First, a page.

作者：沪江英语 2020-05-24 08:03
Calling all flappers and fly boys! As 2019 comes to a close we’ll find ourselves back in the Roaring Twenties … 2020, that is. This new decade marks 100 years since the iconic Jazz Age. It was also the time of Prohibition, first-wave feminism, and the automobile.
The 1920s were rich in slang … we’re sure you’ve heard some of it from films and books set in the time period. But, some ‘20s slang is a bit more obscure.
So let’s take a linguistic trip through time and look at some words from the 1920s that we could bring back in this new year.
The sound of an alarm clock is usually met with moans and groans; the same reaction after learning there’s going to be a chaperon at a dance or on a date.
Alarm clocks, a slang term for "chaperon," at the dance in the 1920s meant you couldn't neck on the dance floor ... or pet each other in the petting pantry (which is the movie theater, of course).
cash or check?
Alarm clocks at the dance often led to the question cash or check?Translation? Apparently “should we kiss now, or later?”
由此引发的"cash or check"的问题?如何翻译吗?当然是“我们该现在接吻，还是等会儿?”
Likely, the answer would be “cash”—and quick! —before the alarm clock screeches again.
know one's onions
Speaking of knowing his onions ... this doesn’t refer to the vegetable.
说到knowing his onions …这不是指蔬菜。
This phrase was first recorded in a 1922 issue of the magazine Harper’s Bazaar. If you know your onions, it means that you know what you’re talking about, or are knowledgeable about a particular subject.
这个短语最早出现在1922年的《时尚芭莎》杂志上。如果你know your onions，意思是你知道你在说什么，或者对某个特定的主题很了解。
Nowadays, we tend to simplify this phrase as know one’s stuff, but comparing it to food seems more interesting!
现在，我们倾向于将这个短语简化为knowone 's stuff，但是将它与食物相比较似乎更有趣!
Now, an egg, as slang for "a person," goes all the way back... to the 1600s. But by the 1920s, egg took a rotten turn, shall we say.
Egg as insult for an "obnoxious person" was popularized in the 1920s. A particularly bad egg was a double-yolker.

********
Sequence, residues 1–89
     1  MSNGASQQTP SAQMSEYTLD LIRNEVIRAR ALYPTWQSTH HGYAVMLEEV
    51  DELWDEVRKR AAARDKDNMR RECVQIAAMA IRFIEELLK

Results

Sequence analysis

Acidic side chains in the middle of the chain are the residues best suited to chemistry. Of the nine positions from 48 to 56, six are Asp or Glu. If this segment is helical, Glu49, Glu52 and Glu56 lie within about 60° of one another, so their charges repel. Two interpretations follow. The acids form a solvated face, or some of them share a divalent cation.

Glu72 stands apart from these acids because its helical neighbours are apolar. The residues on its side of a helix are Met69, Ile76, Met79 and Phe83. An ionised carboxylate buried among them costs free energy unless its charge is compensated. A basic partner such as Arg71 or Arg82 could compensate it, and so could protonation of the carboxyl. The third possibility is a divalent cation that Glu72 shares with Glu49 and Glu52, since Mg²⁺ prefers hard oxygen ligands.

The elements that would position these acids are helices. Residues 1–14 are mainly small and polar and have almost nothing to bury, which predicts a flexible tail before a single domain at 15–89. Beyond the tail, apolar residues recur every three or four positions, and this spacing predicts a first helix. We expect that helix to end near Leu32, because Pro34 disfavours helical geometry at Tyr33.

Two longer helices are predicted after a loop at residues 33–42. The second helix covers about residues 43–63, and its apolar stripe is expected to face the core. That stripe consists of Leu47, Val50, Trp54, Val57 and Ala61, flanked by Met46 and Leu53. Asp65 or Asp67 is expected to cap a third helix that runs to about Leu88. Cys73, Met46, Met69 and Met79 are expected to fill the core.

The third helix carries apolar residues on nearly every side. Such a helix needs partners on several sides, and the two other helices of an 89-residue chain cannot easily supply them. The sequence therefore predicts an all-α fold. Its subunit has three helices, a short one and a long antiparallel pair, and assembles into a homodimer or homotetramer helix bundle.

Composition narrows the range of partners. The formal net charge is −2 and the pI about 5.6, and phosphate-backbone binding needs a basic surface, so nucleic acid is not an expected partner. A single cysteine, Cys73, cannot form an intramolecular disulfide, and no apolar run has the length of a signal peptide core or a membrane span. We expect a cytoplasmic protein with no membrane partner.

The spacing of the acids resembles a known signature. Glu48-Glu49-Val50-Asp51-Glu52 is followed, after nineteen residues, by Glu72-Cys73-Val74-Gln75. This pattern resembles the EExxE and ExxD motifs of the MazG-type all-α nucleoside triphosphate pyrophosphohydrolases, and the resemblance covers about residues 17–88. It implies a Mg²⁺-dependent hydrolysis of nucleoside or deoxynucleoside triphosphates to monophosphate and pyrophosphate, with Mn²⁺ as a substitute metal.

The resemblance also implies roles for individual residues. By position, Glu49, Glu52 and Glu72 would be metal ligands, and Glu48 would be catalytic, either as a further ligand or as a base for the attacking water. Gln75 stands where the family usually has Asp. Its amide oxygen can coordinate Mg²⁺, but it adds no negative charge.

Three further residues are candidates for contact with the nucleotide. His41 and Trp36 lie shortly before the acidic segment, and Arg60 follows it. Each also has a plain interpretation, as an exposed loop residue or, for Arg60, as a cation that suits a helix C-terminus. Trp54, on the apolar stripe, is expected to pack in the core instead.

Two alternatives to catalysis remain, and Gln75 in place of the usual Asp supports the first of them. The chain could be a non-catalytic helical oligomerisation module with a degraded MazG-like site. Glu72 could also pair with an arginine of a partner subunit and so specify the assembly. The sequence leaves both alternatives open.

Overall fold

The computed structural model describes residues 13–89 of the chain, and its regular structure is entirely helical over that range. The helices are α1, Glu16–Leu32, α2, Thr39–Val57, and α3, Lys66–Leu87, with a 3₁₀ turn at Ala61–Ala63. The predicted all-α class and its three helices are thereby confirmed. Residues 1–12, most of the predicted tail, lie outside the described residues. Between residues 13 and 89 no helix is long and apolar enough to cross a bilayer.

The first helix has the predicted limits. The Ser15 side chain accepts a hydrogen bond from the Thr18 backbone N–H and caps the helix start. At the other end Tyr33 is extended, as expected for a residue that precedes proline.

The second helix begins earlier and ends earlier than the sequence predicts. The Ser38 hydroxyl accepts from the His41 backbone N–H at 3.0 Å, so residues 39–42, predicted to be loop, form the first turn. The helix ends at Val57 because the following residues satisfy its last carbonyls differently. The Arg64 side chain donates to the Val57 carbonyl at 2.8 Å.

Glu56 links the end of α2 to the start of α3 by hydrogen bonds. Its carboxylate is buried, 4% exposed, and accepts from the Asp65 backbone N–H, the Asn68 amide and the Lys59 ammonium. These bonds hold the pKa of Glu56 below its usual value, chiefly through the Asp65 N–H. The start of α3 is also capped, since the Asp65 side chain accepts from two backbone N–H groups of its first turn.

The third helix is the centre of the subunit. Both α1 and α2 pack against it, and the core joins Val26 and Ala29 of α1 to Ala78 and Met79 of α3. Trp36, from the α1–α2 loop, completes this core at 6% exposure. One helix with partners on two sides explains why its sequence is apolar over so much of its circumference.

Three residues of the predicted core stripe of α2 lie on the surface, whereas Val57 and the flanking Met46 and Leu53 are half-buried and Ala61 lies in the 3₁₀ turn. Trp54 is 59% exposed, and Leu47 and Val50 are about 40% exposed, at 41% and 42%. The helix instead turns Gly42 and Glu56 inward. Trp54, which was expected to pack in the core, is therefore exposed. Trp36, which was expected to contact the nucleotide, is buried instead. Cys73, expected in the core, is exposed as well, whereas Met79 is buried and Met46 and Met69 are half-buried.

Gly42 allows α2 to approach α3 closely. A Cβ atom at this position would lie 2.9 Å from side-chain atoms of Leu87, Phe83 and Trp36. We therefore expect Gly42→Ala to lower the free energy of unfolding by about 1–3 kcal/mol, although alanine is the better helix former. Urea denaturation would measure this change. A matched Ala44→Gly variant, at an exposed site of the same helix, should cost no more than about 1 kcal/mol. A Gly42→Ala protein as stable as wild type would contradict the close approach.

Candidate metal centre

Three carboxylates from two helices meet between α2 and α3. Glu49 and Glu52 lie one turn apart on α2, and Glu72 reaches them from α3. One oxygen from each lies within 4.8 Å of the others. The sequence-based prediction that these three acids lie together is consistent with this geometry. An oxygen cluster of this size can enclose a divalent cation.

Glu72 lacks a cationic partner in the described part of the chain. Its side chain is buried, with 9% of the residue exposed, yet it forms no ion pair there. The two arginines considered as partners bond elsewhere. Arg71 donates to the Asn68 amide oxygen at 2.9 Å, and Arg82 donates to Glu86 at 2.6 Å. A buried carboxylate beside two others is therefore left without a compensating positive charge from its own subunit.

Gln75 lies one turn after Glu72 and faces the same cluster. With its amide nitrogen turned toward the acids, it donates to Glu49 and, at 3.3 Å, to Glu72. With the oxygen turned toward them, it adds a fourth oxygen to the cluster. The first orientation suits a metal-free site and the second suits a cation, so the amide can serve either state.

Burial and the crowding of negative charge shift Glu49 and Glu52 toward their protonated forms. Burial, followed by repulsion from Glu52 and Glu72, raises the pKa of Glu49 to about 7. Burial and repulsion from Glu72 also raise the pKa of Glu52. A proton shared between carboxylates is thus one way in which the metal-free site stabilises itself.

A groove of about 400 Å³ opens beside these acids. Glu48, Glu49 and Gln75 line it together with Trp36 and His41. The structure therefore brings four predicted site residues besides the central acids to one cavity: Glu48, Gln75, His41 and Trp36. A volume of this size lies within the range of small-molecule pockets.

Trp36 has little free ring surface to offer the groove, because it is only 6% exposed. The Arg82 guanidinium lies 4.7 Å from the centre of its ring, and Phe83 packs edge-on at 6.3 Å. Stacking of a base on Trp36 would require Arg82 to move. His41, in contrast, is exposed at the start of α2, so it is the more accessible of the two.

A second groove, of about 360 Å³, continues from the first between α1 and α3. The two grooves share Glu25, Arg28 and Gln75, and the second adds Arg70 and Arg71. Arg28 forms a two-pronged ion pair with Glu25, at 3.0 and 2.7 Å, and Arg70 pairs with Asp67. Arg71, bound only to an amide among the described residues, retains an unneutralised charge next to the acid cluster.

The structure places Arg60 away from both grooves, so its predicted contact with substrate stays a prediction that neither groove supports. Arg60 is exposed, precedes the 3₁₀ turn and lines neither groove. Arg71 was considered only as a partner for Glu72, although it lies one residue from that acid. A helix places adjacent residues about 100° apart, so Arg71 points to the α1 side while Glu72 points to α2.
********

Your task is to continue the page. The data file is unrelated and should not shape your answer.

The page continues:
But it's not all bad for egg because old egg, an affectionate 1920s slang term for one's partner, was a popular phrase as well!
If you were called a face-stretcher in the 1920s, you were being bullied.
Face-stretcher means "an old woman trying to look younger."
One way one might attempt to accomplish the impossible is by putting on too much powder (which just settles into fine lines and wrinkles and makes them even more noticeable). And even worse, if you were known as a face-powder addict, you were a flour lover.
Giggle water is the stuff the Women’s Christian Temperance Movement fought tooth and nail against—booze.
This term, specifically used for champagne, whiskey, and gin, was popularized in the 1920s, though recorded inthe previous decade.
Hotsy-totsy generally meant "excellent" or "first-rate."
But if you saw your date as hotsy-totsy, it meant you found them "attractive."
And a situation itself could become hotsty-totsy too ... meaning it was pleasing and fun.
Being in a blind date situation can either be magical or embarrassing! The mystery, the intrigue … the icy mitt?
But regardless of the good or bad outcomes, blind dates have been such a popular phenomenon in the US that the phrase actually goes all the way back to the 1920s!
Blind is a metaphor, referring to the fact that a blind date is arranged by a third person for two people who haven't met.
Here's a term of endearment you might have used with your own significant other ... and another entry into slang centered around food.
A cutie-pie, usually a young woman, is someone who is adorable or attractive. You’d be lucky to have one as a blind date! cutie-pie
The sweetest things in life are free. The people of the Roaring Twenties must havet hought so, too! This word, which especially applies to a sample or promotion, was spelled both freebie and freeby.
It’s thought that freebie could have originally been a phrase, free bee. In this case, bee could be put the bee on, or borrowing money without paying it back.